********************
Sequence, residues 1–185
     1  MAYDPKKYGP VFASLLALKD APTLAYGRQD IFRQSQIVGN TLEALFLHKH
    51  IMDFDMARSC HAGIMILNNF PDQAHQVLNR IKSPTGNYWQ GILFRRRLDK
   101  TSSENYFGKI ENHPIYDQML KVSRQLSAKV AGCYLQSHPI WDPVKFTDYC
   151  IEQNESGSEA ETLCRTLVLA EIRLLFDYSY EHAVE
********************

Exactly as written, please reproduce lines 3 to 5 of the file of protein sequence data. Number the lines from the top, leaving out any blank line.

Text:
    51  IMDFDMARSC HAGIMILNNF PDQAHQVLNR IKSPTGNYWQ GILFRRRLDK
   101  TSSENYFGKI ENHPIYDQML KVSRQLSAKV AGCYLQSHPI WDPVKFTDYC
   151  IEQNESGSEA ETLCRTLVLA EIRLLFDYSY EHAVE